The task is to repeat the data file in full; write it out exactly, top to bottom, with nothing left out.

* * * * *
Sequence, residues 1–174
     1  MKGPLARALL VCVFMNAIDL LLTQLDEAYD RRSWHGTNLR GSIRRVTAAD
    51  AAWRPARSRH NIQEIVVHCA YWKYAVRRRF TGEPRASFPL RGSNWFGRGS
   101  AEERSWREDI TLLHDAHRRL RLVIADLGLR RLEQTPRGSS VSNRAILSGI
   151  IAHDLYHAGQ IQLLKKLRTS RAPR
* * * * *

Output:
Sequence, residues 1–174
     1  MKGPLARALL VCVFMNAIDL LLTQLDEAYD RRSWHGTNLR GSIRRVTAAD
    51  AAWRPARSRH NIQEIVVHCA YWKYAVRRRF TGEPRASFPL RGSNWFGRGS
   101  AEERSWREDI TLLHDAHRRL RLVIADLGLR RLEQTPRGSS VSNRAILSGI
   151  IAHDLYHAGQ IQLLKKLRTS RAPR